Insurance companies, regulators, and law enforcement agencies work hand-in-hand to detect insurance fraud and punish perpetrators.
To Report Fraud
Contact Credit Bureau’s fraud departments if you suspect your name or accounts are being used improperly. Ask for a “fraud alert” to be placed on your credit file, which can help prevent a thief from opening new accounts or making changes to your existing accounts.
- Equifax at 1-800-525-6285
- Experian at 1-888-397-3742
- TransUnion at 1-800-680-7289
Call your financial institutions if accounts have been corrupted by a crook or fraudulently opened in your name. Discuss closing those accounts and opening new accounts. Also consider filling out an “ID Theft Affidavit” available on the Federal Trade Commission web site or call 1-877-IDTHEFT (438-4338). This document can be used to help you prove you are an innocent victim.
Call the local police to fill out the necessary crime reports.
American General Life Companies has implemented wide-ranging fraud prevention programs. We do so not only to protect our organization from insurance fraud, but also to protect you, our valued customer. Remember, not only could you become a direct victim of insurance fraud, unchecked insurance fraud also results in higher costs to insurers that may be passed along to customers in the form of higher premiums.
By adding you to our team of insurance fraud fighters, our fraud prevention program becomes stronger and more effective.
How can I help fight insurance fraud?
By reporting activities you suspect may be insurance fraud to law enforcement agencies and to us, you serve as an invaluable resource in our fight against insurance fraud.
Okay, but what is insurance fraud?
Essentially, fraud is an intentional deception or misrepresentation that an individual or entity makes, knowing the misrepresentation could result in the receipt of an unauthorized benefit. In insurance fraud, the “unauthorized benefit” generally is money or the control of money that the perpetrator is not entitled to.
What are some examples of insurance fraud?
- Submitting claims for fake injuries.
- Receiving disability benefits when not disabled.
- Failing to accurately report medical history.
- Billing for services, medicines, and/or procedures that are not provided, not covered, or for more expensive treatments or medicines than those provided.
- Altering dates to fall within dates of eligibility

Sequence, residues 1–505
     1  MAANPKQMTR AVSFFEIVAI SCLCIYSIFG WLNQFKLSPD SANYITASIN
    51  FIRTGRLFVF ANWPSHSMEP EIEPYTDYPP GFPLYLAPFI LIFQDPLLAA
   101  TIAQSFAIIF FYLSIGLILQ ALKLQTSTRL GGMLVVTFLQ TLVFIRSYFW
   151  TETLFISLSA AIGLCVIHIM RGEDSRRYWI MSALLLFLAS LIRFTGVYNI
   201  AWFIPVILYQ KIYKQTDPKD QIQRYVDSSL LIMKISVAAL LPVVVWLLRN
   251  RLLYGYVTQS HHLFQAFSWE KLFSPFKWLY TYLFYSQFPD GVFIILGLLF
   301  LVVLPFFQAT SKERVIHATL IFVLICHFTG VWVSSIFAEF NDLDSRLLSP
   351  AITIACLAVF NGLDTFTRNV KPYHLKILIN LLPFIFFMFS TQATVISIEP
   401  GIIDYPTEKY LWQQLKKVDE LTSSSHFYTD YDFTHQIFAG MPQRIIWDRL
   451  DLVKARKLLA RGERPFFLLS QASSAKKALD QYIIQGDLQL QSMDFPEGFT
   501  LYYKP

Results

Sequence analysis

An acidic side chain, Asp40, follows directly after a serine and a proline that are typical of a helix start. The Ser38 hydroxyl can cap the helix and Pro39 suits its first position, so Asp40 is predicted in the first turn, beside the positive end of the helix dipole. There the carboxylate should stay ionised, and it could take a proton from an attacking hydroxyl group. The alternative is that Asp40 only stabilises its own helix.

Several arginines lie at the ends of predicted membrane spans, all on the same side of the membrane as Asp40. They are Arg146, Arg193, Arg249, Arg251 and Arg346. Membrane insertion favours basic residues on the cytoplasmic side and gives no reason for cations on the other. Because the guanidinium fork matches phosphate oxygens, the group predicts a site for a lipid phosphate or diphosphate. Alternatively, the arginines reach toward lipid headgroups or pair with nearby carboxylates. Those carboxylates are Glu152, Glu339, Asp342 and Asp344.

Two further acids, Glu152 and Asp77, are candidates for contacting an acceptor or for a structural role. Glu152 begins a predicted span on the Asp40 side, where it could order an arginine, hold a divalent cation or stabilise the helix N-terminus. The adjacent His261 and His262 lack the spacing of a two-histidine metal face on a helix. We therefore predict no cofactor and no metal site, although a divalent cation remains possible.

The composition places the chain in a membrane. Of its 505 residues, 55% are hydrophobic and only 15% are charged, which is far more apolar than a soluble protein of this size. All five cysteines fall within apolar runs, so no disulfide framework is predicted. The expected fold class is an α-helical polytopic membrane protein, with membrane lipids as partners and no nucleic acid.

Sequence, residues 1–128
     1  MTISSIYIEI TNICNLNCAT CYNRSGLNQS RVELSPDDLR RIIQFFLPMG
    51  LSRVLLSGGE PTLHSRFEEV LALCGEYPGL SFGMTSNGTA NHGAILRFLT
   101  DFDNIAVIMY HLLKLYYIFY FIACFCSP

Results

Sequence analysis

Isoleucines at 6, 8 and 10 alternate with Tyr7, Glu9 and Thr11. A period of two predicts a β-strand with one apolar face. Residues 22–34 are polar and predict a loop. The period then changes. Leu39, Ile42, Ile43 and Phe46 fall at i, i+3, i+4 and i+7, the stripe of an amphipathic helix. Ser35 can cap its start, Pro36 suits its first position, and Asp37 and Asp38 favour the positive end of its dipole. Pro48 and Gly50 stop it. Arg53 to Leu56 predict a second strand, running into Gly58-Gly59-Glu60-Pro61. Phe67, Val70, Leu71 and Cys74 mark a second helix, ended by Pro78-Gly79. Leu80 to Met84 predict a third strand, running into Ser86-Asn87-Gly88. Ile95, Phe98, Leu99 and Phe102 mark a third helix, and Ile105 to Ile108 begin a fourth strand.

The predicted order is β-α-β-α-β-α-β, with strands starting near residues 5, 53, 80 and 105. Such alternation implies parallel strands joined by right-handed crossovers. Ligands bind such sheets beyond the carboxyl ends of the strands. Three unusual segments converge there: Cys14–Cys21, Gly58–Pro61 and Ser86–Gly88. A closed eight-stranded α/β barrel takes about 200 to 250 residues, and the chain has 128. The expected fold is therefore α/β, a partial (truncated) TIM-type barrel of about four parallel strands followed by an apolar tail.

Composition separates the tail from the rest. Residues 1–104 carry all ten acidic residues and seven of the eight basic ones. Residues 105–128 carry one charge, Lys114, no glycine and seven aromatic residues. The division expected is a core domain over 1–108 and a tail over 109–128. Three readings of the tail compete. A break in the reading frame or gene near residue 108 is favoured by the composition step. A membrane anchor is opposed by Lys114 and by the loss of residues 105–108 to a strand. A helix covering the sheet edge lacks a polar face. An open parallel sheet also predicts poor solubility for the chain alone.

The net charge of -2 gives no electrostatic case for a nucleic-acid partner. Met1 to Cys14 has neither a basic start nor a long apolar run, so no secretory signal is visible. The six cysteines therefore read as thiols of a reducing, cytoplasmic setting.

How does fraud impact you?
In 2007, $2.26 trillion was spent on health care and more than four billion health insurance claims were processed in the United States. It is an undisputed reality that some of these health insurance claims were fraudulent. Although they constitute only a small fraction of total claims, fraudulent claims carry a very high price tag. The National Health Care Anti-Fraud Association (NHCAA) estimates conservatively that 3% of all health care spending -- or $68 billion -- is lost to health care fraud. (National Health Care Anti-Fraud Association, 2008)
As a result of insurance fraud, good hard-working individuals like you could be adversely affected in many ways. For example, you could be faced with:
- Higher premiums
- Increased cost of consumer goods as businesses pass on the costs of fraud to you
- Business financial losses resulting from fraudulent health insurance claims
- Loss of access to insurance coverage or decreased coverage
What is American General doing to prevent fraud?
At American General, we believe that it is everyone's duty to aid in the fight against insurance fraud. Our anti-fraud procedures include:
- Fraud prevention training to all employees
- A dedicated Special Investigation Unit
- Cooperation with law enforcement agencies
- A toll-free hotline which you -- the consumer --can call to report suspected fraud
What is the Special Investigative Unit (SIU)?
American General’s Special Investigative Unit (SIU) is responsible for investigating incidents of potential fraud identified by customers, agents, health providers, groups, viatical companies and other parties. The SIU conducts audits, analysis, surveillance, undercover operations and interviews. They also cooperate on investigations with federal, state and local law enforcement agencies. The SIU also pursues civil actions against perpetrators of insurance fraud. Additionally, the SIU participates in American General’s pursuit to recover monies that we unknowingly paid on fraudulent claims.
How can I prevent/avoid fraud?
- Be vigilant, informed and know where to call when you detect or suspect fraud
- Be wary of physicians who insist you file a personal injury claim after an accident, especially if you're not hurt
- Be aware of attempts by agents, medical providers and others to convince you that everybody else is profiting so you may as well try to reap the benefits of insurance fraud
- Be informed and learn more by accessing the various public resources on fraud prevention
- Beware of unsolicited offers
- Safeguard your personal confidential information, including your insurance policy numbers
- Be wary of an agent who asks for power of attorney over your insurance policy
- Carefully review the Explanations of Benefits you receive from your health insurer and question charges for procedures that were not provided.
Where can I call to report fraud?
To report suspected fraud, contact American General’s toll-free Consumer Affairs hotline at (877) 574-3136. You may also contact your state Insurance Department’s Fraud Bureau.
What other resources are available to assist with the prevention of fraud?
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